Monday, July 11, 2016

Treason Defenders Demand Special Treatment for Treason's President

Again, class:  The Civil War was about slavery, according to the writings of secession leaders at the time, and nothing but slavery; secession was Treason in Defense of Slavery, and confederates then and now are Traitors in Defense of Slavery.

Kentucky should be ashamed that Treason's President was born inside our borders.

Jack Brammer at the Herald:

A group known as The Friends of the Jefferson Davis State Historic Site is seeking a military designation for the controversial Davis statue in the Capitol Rotunda — a move that would make it more difficult to remove the statue from the Capitol.

State curator Leslie Nigels of Louisville and Steve Collins, chairman of the state Historic Properties Advisory Commission, said Thursday they do not know the group and are studying implications of giving the statue a military designation.

Ed Georgen, president of the citizens group from Lyon County, acknowledged in a telephone interview that the designation would require the advisory commission to get approval from the Kentucky Military Heritage Commission before ever moving the statue.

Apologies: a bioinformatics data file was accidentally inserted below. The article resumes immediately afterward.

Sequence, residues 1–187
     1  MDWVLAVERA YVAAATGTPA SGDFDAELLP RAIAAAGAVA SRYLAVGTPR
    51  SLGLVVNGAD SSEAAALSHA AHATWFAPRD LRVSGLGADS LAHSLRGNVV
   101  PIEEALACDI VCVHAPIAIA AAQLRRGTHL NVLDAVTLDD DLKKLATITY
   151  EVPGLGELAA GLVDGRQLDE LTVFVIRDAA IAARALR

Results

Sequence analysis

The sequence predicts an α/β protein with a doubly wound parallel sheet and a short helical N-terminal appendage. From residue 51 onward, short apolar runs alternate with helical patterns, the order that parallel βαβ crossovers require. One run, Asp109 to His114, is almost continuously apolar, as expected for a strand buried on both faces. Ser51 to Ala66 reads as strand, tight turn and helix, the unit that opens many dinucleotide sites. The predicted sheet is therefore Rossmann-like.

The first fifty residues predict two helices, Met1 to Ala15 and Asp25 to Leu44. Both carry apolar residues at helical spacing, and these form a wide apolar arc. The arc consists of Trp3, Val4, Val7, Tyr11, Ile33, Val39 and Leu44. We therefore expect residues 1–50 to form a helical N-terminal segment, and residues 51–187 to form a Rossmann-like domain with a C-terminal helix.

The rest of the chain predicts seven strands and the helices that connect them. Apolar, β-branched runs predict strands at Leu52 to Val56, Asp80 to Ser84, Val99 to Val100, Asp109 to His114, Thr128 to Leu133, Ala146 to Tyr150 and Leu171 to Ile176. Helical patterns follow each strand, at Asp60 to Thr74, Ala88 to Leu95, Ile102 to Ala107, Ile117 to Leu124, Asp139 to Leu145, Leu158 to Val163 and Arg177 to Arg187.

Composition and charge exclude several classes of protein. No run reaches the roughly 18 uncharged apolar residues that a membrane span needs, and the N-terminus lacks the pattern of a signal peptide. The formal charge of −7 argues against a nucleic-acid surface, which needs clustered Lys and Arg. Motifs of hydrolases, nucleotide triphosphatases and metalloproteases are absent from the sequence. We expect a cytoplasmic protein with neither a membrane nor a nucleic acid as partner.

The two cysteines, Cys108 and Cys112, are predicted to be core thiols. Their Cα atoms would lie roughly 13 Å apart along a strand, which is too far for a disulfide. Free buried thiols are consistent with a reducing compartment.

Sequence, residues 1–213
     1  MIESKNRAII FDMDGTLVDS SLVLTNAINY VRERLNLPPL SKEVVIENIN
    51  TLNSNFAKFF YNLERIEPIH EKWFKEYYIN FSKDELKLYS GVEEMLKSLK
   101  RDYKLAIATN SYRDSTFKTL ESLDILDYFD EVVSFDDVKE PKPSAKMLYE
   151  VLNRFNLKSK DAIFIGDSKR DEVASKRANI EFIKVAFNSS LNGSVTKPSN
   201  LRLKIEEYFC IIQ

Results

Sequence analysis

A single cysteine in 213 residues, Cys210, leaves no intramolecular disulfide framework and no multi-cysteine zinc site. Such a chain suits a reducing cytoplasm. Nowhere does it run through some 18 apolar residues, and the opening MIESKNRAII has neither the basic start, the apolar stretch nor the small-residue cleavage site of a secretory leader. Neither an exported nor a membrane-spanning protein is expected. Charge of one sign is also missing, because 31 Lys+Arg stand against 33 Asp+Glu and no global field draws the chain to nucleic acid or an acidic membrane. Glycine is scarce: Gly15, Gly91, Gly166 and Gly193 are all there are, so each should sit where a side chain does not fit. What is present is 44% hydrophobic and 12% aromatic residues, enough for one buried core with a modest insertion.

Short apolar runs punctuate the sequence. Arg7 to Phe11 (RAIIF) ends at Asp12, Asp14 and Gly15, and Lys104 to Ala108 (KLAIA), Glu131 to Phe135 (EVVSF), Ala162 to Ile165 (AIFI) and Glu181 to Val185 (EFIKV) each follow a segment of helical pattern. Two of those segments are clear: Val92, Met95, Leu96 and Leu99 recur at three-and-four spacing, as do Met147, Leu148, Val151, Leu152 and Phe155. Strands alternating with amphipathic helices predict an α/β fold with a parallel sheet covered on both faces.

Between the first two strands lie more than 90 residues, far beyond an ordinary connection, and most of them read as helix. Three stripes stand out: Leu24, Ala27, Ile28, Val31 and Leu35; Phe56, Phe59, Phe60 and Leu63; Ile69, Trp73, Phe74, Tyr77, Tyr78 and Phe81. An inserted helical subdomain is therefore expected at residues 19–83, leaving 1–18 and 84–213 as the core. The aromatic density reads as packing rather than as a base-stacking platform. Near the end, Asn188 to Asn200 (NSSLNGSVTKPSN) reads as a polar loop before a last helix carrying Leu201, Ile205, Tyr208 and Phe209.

Currently, the advisory commission has sole legal authority in overseeing the statues in the Capitol. Last August, it voted 7-2-1 to keep the Davis statue in the building.

A debate has raged in Kentucky for years about whether the statue of the president of the Confederacy in the Civil War should be displayed just outside the governor’s office.


Several Kentucky politicians, including now Gov. Matt Bevin, House Speaker Greg Stumbo and Senate President Robert Stivers, advocated moving the Tennessee marble likeness of Davis, who was born in Kentucky, to the Kentucky History Center in Frankfort or to the Jefferson Davis Historic Site in Todd County.

The issue never came up in this year’s state legislative session.

Raoul Cunningham, president of the Kentucky State Conference and Louisville chapter of the NAACP, said the commission “whitewashed” the issue and promised that debate about the statue’s location would continue.

Cunningham said Thursday it would be a mistake for the historic properties advisory commission to allow the military heritage commission to have a say in whether the statue should ever be removed.
“We would oppose giving the Davis statue the military designation this citizens’ group is seeking,” he said.

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